Mitternachtslied Zarathustras (1898)

Mitternachtslied Zarathustras (1898)

By Robert Threlfall, Advisor, The Delius Trust, London

Written for the concert Beyond Good and Evil: Nietzshe and Music, performed on March 8, 2000 at Avery Fisher Hall at Lincoln Center.

Towards the end of his life, Delius told Eric Fenby that he became acquainted with the writings of Friedrich Nietzsche in the 1880s during a holiday spent in Norway. In January 1896 he first met his wife-to-be, Jelka Rosen, in Paris, and her later reminiscences state that the composer was then already familiar with Zarathustra. She also recalled an occasion at her house in Grez-sur-Loing a year later, when he played his setting of the famous Midnight Song, Noch ein Mal, for baritone voice and piano. Among the manuscripts recently deposited in the British Library, London, by the Delius Trust is a scrap of paper bearing the words of this very piece in Jelka’s writing; there also is a manuscript copy, likewise probably in her hand, of the song in question (it has been published in the Collected Edition, Volume 18b).

From the following year (1898) date four more settings of Nietzsche’s words for voice and piano, but the texts then chosen are not drawn from Zarathustra. That same year, however, a much larger score entitled on the manuscript Mitternachts-Lied Zarathustras was completed—the present setting for baritone solo, men’s chorus and full orchestra, which expands the solo song already mentioned and prefaces it with an extended sequence for the solo voice using words also chosen from Das trunkne Lied, the chapter in question. It is of incidental interest to note that Book 4 of Zarathustra, in which this passage occurs, was only made commercially available in 1892 and therefore cannot have formed part of Delius’s initiation into Nietzsche’s work, which took place at a time when only Books 1-3 had been published. This Mitternachtslied, a work then specially cherished by its composer, was first performed in London on 30 May 1899 at a concert exclusively devoted to his music; further performances took place in Elberfeld in 1902 and Basle in 1903.

By then Delius was contemplating a definitive and much-extended setting of Nietzche’s words which was to become his A Mass of Life. An elaborate choral movement for women’s voices and orchestra had already been completed by May 1904 and later that same year, during a working holiday spent with Fritz Cassirer (who had recently introduced Delius’s opera Koanga in Elberfeld), a further selection of passages considered suitable for musical treatment had been chosen from Nietzsche’s book. Intensive work then continued until the bulky score was completed by Autumn 1905. At its close the music of the Mitternachtslied of 1898 was incorporated in its entirety, but women’s voices were then added to the choral sections and five bars of the original quiet ending were deferred by the introduction of an entirely new final episode for the whole vocal and instrumental forces.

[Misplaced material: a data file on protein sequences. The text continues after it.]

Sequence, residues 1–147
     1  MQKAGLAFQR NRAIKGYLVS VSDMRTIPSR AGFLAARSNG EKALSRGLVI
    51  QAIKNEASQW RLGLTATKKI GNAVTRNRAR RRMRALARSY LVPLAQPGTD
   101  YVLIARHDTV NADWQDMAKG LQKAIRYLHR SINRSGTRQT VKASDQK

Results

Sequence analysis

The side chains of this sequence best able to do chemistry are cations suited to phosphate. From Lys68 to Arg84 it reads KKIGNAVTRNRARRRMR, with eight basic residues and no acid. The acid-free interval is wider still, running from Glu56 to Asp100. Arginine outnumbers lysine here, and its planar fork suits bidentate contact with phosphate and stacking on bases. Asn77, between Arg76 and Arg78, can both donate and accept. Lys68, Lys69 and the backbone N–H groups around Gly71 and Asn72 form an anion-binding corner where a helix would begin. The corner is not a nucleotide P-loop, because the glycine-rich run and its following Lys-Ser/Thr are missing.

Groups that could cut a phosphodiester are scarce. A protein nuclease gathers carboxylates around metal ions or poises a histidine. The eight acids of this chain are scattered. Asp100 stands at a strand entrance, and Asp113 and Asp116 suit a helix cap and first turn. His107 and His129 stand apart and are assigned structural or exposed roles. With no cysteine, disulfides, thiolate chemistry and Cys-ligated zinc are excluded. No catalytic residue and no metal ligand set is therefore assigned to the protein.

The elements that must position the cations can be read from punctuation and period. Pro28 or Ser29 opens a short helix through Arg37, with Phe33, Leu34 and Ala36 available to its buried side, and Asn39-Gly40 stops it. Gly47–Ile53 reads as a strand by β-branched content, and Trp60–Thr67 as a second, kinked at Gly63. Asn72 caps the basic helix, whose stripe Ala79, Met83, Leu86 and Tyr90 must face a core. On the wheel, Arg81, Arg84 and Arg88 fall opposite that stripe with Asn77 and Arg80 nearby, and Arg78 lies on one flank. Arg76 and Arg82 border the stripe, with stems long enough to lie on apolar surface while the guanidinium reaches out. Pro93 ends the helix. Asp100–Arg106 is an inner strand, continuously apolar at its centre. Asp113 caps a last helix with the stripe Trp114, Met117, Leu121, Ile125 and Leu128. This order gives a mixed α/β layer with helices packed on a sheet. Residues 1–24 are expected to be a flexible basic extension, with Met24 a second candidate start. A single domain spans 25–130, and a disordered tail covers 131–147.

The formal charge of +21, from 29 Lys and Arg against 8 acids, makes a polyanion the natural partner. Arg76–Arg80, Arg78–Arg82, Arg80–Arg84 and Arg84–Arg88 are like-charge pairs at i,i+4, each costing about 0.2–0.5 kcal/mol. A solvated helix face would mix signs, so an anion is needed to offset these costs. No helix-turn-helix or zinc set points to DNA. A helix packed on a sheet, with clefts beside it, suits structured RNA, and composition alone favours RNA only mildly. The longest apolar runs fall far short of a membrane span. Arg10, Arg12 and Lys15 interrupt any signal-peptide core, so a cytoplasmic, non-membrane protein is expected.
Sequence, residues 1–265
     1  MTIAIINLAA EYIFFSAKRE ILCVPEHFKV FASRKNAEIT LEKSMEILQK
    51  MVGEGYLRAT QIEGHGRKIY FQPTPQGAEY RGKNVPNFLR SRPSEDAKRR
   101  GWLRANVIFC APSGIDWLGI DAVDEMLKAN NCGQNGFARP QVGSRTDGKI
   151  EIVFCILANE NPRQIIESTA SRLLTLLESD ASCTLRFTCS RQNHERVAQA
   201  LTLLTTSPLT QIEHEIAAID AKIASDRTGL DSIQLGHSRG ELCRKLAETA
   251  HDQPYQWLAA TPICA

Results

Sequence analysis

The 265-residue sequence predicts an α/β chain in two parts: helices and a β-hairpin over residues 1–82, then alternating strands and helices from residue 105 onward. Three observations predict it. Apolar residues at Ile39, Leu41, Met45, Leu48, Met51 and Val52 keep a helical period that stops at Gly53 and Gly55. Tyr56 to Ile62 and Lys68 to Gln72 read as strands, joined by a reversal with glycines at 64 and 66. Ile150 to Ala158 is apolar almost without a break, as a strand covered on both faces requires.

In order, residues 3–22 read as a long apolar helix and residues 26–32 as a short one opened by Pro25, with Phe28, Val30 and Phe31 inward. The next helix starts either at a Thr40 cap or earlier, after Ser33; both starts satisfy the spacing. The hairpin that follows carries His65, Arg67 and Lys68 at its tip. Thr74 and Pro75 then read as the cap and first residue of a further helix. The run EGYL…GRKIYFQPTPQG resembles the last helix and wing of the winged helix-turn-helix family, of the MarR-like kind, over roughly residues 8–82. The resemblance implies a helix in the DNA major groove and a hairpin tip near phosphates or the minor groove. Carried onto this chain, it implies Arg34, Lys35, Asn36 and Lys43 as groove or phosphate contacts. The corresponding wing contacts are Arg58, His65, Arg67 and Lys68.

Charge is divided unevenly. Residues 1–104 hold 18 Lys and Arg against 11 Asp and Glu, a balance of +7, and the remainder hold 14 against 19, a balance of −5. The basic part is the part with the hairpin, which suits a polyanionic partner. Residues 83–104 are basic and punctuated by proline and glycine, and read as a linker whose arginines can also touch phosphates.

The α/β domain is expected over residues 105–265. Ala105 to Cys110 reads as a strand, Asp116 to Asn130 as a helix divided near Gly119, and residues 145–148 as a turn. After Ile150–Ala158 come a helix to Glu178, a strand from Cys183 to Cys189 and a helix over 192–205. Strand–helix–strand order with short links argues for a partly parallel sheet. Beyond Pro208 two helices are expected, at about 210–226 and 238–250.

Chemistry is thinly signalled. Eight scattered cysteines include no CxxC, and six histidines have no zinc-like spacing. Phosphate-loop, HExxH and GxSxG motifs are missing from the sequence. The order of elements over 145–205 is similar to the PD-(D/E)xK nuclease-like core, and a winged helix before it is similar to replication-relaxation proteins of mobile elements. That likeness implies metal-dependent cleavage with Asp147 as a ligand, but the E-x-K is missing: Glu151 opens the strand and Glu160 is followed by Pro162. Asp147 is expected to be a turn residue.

Once the Mass of Life was completed, published and played the original performing material of the Mitternachslied section was no doubt placed aside and has apparently long since disappeared. For the present revival, however, it has proved comparatively simple to reconstruct the earlier movement by reference to its surviving manuscript score and by turning to the published material for the final movement of the Mass, eliminating the women’s voices from the choir and restoring the original 5-bar ending instead of the elaborate climax written for the later work. It appears that this revival is not only the first hearing of the original piece in the USA but is probably the first performance in this form anywhere for almost 100 years.

Delius’s richly orchestrated setting opens with a soft drum roll and a slow, rising scale in the basses which recurs a number of times. A four-note, bell-like figure is increasingly woven into the texture as the movement proceeds. It is this last which dominates the final entry of the chorus and underpins the quiet closing bars.

The program of the present concert gives and interesting opportunity for comparison between Delius’s setting and Richard Strauss’s almost-contemporary tone poem, both works inspired by the words of the same prose-poet, Friedrich Nietzsche.